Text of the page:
The business idea came about during his energy technology studies at the Technical University of Hamburg (TUHH): Christoph Berger wrote a project thesis in his Master's degree that involved making predictions of room temperatures in unknown rooms and buildings. In doing so, he worked with algorithms that take outdoor temperature and solar radiation into account. "I was oriented towards studying energy technology at an early stage. At the TU, we have a climate container at the Thermodynamics Institute. The challenge there is to air-condition it as energy-efficiently as possible," reports the founder.
In between, he studied a semester abroad at the University of California, Berkeley (USA): "At that time, Google had just acquired the thermostat and smoke detector manufacturer Nest for 3.2 billion dollars. Oh, I thought, I'm working on a topic like that: so there's a market for it! However, Nest was very specialised in the US market. Here in our country, there are fewer air conditioners in comparison, but we do have radiators...", Christoph noted. In 2014, the student returned to TU. On campus, he came across a sign: "Want to start up? Come by!" advertised the Startup Dock that had just sprung up. A sign for him.
From scientific work to "Most Innovative Business Idea"
"I had two start-up ideas in mind at the time: one had to do with drones, the other with my project work. After exploratory talks, I quickly leaned towards developing the project work further. I think it was good that I had no idea what I would have to do. Otherwise I might not have started at all. The impulse came from my studies at Berkeley, where almost everyone had something to do with start-ups. In contrast to Germany, where I hardly knew anyone in this regard," says Christoph. That was soon to change. A product idea emerged from the concept of the scientific work, which was put through its paces by advisors from Startup Dock with regard to the business idea. The Startup Dock advisor assigned to vilisto enabled Christoph to take part in the E.ON Hackathon at the end of 2014. Its CEO Dr Johannes Teyssen awarded Christoph and his team the "Most Innovative Business Idea" after two and a half days. "If they also think it's good, it could be something," the now graduate saw himself confirmed. So he put together a start-up team to apply for EXIST funding.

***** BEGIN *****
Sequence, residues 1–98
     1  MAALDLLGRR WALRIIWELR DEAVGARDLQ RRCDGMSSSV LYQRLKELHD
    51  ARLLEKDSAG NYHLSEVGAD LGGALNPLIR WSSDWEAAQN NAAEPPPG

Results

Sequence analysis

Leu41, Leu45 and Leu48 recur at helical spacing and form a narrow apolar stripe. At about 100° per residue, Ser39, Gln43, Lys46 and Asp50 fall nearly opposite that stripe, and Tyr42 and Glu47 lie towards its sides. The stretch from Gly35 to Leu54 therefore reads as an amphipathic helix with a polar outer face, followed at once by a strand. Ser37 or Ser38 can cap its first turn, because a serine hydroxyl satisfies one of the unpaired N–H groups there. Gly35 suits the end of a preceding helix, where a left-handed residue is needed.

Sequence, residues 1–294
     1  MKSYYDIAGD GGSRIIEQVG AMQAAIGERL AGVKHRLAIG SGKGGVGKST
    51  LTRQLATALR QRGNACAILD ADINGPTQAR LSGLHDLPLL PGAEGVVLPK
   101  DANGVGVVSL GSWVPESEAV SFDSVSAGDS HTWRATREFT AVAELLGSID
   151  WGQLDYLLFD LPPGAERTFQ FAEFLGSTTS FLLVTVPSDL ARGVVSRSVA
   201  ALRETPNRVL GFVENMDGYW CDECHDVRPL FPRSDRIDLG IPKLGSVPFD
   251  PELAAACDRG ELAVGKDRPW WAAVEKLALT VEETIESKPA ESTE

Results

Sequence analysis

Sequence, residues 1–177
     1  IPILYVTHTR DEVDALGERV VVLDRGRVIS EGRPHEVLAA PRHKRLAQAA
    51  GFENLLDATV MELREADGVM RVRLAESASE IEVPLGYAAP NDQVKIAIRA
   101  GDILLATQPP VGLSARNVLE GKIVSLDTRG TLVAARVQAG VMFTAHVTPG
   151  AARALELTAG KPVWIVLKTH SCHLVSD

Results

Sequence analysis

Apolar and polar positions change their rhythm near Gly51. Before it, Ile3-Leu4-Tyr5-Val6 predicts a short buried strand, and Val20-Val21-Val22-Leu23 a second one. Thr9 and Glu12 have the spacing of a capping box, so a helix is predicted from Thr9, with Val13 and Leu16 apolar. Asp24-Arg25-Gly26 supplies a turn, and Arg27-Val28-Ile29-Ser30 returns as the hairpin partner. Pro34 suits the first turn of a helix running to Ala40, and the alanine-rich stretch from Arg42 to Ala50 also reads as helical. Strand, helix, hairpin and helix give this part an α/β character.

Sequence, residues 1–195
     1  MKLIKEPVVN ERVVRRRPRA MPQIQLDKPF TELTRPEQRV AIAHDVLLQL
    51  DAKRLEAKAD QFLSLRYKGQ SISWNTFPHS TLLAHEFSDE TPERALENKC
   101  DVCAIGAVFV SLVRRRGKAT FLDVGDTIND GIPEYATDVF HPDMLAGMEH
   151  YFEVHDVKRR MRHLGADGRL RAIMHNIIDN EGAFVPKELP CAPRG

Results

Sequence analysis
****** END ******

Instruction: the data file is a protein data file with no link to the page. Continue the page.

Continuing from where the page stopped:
Christoph had known his current technical director, Lasse Stehnken, for three years through a fellow student. Born in Kiel, he was working in Munich at the time and wanted to return home. Hamburg was close enough for him, he liked the subject and they liked each other anyway: it was a good fit!
Malte Lennart Marwede was briefly the third founder in the group: "We met Malte at the Institute for Product Development. He completed the classic McKinsey programme and initially helped us with EXIST - but then left again after six months for personal reasons," Christoph reports. In the search for a replacement, he received about 50 applications and decided on Christian Brase, who was an ideal addition in sales and business development. Today, the start-up has 33 employees, 21 of whom work full-time.
In the beginning, vilisto employed working students to supplement them. Then, in October 2017, Christoph hired the first full-time employees: Dr Michael Heuer, for example, he knew from his studies. Together, they challenged the first simulation models. Michael originally co-founded another startup, but Christoph was able to win him over for vilisto after some time: "The first hires have to be a good fit. That's why it's better if they come from the environment, so they can be better assessed," the founder emphasises. Christoph sees networks of people interested in founding a company as the next possibility. You need certain talents and a certain affinity for risk. In the advanced start-up phase, you can also hire talent that you didn't know before through sensible sourcing.